SQL Server 2022 licensing: economic impact of the changes
Are you feeling a little confused about the changes that Microsoft made to SQL Server licensing in 2022? You're not alone. Many people wonder how these changes will affect their budgets in 2023. Well, I'm here to give you some answers and hopefully clear up some confusion.
And if you are unaware of the changes, trust me, you should be.
Licensing per virtual machine is now more expensive
First things first, let's talk about the main change that Microsoft has made. To license SQL Server per virtual machine, you now need active Software Assurance. If you're someone who has been buying all of your SQL licenses through an Enterprise Agreement (EA), you're probably in a pretty good spot. That is because EAs already come with compulsory Software Assurance, so nothing changes for you.
But for those of you who – rightfully and compliantly – got clever and creative and used a "nitty gritty" approach to squeeze value out of every SQL Server license, it may be time to re-evaluate your licensing design. You could be forced to repurchase your licenses with Software Assurance if you want to upgrade to SQL Server 2022. And this could be a real budget-buster, especially for small businesses.
Small businesses and retail should be vigilant
Let me give you an example. Amongst our clients, we have retail companies that use minimal server deployments in every store. Rather often, there is a single host with a few virtual machines, one of which is a SQL Server Standard database server. Many such companies manage costs by using perpetual SQL Server Standard licences, which, until now, was an acceptable licensing approach.
Have you been using perpetual licenses for a similar configuration and purpose? In that case, you'll probably want to hold off upgrading to SQL Server 2022 and even buying new SQL Server 2022 licences. Otherwise, you will have to begin paying for Software Assurance or subscription licenses. Unfortunately, this means that your total cost of ownership for these instances will likely go up, maybe even double.
How does it affect CSP customers?
Now, let's talk about another group of people who might be affected by these changes: customers who use Cloud Solution Provider (CSP) licenses. If you're a CSP customer, you might be wondering if there will be any impact on you. And the answer is – it depends.
CSP has two types of licenses: perpetual licenses and subscriptions. If you're currently using perpetual licenses in a configuration similar to the above example, you will have to switch to a subscription if you want to upgrade to SQL Server 2022. Perpetual CSP licences will not work in the new per-VM licensing model.
To upgrade or not to upgrade?
If cost is more important than new features, the reasonable decision would be to stay on SQL Server 2019 or below. The only question is, for how long will it still be supported? When support ends, many organisations will be forced to switch to a newer version and review their entire SQL Server licensing strategy. And you can guess what that means for their future budgets.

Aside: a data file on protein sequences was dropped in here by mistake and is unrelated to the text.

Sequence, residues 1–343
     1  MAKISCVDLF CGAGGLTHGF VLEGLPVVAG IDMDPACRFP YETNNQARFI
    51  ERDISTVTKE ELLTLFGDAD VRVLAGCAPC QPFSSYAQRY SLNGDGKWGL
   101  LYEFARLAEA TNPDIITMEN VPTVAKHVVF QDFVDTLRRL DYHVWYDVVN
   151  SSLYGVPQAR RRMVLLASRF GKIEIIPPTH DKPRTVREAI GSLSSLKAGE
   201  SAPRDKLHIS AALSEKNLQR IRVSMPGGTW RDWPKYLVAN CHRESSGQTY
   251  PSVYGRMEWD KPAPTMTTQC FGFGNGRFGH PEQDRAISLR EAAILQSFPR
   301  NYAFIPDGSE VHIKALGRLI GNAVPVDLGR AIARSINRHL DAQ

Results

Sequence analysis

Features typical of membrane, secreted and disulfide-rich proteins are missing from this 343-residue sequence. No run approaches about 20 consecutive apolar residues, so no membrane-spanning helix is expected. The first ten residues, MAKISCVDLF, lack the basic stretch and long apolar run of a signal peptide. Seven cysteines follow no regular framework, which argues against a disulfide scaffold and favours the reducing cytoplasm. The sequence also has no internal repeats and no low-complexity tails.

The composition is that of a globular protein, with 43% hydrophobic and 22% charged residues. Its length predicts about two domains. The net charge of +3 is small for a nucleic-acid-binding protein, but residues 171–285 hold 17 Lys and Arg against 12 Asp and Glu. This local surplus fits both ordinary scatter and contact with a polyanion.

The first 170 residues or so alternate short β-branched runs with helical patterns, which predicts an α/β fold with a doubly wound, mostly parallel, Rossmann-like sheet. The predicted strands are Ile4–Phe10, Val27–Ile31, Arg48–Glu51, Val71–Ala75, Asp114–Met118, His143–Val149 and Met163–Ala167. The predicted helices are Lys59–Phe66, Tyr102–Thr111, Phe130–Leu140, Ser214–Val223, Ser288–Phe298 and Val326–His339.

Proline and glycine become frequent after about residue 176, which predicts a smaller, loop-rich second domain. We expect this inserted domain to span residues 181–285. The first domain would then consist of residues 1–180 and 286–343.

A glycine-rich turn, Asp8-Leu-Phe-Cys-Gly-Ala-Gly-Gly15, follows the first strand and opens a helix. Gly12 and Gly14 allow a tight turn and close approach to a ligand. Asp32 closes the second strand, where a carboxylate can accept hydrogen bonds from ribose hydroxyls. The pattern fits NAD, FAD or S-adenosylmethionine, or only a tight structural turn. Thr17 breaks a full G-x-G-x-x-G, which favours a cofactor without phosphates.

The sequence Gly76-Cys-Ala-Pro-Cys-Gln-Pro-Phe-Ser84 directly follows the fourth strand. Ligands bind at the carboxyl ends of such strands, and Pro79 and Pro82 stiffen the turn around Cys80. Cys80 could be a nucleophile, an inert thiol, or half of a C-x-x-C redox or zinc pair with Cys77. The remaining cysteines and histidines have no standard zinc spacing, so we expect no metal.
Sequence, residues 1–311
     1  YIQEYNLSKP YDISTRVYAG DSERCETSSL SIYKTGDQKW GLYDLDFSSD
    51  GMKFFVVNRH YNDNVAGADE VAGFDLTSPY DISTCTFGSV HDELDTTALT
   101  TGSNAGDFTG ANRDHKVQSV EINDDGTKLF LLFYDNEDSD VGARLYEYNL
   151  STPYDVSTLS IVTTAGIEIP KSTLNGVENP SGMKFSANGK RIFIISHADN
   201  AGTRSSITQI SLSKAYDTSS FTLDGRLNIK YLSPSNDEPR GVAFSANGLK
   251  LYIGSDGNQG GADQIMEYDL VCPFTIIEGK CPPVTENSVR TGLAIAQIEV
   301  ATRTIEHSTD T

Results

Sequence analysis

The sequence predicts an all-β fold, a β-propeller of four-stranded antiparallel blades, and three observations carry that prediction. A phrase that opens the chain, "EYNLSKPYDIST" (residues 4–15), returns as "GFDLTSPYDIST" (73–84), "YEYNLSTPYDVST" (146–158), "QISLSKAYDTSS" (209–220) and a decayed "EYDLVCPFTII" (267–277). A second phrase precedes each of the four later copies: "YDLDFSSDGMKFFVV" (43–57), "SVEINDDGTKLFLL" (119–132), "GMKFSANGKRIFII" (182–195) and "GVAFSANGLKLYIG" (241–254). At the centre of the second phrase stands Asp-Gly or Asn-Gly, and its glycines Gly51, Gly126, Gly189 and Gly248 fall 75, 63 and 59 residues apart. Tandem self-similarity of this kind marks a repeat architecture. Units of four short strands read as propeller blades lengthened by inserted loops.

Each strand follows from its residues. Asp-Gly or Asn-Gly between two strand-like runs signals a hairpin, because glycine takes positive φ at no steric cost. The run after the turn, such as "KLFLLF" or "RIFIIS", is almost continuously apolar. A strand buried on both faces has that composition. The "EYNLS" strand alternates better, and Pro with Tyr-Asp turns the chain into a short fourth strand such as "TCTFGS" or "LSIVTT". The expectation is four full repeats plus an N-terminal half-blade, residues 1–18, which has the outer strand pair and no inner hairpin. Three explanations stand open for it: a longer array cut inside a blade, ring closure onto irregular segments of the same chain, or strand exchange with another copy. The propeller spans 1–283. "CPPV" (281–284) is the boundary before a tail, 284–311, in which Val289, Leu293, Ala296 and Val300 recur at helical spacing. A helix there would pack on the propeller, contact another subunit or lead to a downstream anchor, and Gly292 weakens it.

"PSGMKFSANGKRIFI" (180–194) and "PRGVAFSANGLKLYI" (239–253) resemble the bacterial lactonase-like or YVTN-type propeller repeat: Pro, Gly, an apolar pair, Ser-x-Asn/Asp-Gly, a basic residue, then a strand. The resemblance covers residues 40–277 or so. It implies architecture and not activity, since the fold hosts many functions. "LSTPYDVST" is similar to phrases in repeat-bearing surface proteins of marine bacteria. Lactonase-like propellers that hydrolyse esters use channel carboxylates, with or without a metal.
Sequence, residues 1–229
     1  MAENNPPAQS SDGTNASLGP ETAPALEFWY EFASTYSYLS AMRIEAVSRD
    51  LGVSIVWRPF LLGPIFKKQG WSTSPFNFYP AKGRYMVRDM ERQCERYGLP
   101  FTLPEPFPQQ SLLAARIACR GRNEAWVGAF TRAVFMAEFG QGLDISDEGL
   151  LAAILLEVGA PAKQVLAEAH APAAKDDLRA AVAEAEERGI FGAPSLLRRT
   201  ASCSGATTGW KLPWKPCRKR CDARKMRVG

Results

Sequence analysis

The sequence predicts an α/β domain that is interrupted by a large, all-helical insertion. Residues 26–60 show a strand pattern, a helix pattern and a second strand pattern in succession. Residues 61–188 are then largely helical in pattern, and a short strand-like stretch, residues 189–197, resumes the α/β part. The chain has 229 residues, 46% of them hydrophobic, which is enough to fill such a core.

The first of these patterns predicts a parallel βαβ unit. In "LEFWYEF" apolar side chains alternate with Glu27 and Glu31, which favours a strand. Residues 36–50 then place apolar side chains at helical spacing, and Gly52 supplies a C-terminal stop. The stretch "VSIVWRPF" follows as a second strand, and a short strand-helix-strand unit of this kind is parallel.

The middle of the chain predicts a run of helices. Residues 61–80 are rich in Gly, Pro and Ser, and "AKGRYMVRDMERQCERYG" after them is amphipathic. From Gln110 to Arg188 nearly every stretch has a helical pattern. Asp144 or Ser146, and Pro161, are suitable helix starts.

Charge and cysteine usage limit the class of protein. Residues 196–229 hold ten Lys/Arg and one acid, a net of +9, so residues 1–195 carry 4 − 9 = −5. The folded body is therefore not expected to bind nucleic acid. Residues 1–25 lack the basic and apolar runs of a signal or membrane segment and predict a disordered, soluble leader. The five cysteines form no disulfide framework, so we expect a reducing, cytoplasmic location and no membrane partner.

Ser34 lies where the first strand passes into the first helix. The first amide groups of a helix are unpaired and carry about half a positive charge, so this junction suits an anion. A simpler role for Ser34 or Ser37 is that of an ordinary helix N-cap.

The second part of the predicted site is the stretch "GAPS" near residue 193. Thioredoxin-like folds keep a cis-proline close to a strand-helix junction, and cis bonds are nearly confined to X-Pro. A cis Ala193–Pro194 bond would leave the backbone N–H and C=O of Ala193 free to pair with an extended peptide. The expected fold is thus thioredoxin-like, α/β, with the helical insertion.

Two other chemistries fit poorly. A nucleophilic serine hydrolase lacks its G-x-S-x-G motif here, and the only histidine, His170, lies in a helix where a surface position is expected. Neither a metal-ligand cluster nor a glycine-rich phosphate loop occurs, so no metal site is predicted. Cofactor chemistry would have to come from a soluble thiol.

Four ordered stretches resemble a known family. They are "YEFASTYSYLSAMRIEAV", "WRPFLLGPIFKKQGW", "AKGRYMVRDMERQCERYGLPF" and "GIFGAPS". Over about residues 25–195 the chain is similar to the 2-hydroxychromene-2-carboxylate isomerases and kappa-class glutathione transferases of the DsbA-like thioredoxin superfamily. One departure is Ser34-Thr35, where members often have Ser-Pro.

Buying new licences? Follow the new rules.
Another gotcha is that newly deployed instances may have to follow the new rules. Why? Because it's impossible to buy previous version licenses from resellers. The license on sale is always the latest version; hence the new rules will apply.
European clients can buy legacy SQL Server licenses from the second-hand market, but nobody outside the EU and the UK has that luxury.
It does not matter which version you install. The license's version dictated the rules.
The new price of SQL Server
Let's not forget about pricing. Has the price of SQL increased? Yes, it has. SQL Server 2022 came with a 10% higher price tag. CSP customers should expect a pricing increase in the next subscription term.
Your price has already increased if you are on a monthly CSP subscription. Those on an annual subscription will pay the premium at the renewal. If you're an EA customer, your prices are locked in for the entire contract duration, so you're in a better position.
Is there any good news?
Before you start pulling your hair out, I have some good news for you. Azure licensing for SQL Server has introduced a positive change. Before December, you could get passive SQL Server instances (like Disaster Recovery or High Availability) without having to buy licenses only if you brought your own licenses to Azure.
But now, Microsoft has finally decided to align Azure pay-as-you-go terms with on-premise terms, which means you only have to license the active SQL Server that serves your employees, clients and partners with data. You don't have to pay extra for passive instances.
And another good news is that the number of SQL Server containers inside a virtual machine is now unlimited if the following conditions are met:
The virtual machine is licensed per SQL Server core,
The licenses are subscription licenses or licenses with active Software Assurance.
Have an expert by your side.
The recent SQL Server licensing changes are certainly not insignificant and will have a noticeable effect. With the right approach and strategy, you can mitigate the impact and make the most of the situation.
Ultimately, it's essential to understand how these changes will affect your organisation and budget and work with your licensing expert advisor to devise a plan that makes the most sense.
Send us a message using the form below to discuss your SQL Server licensing budget. We don't sell licences, so you can be sure that our advice is impartial.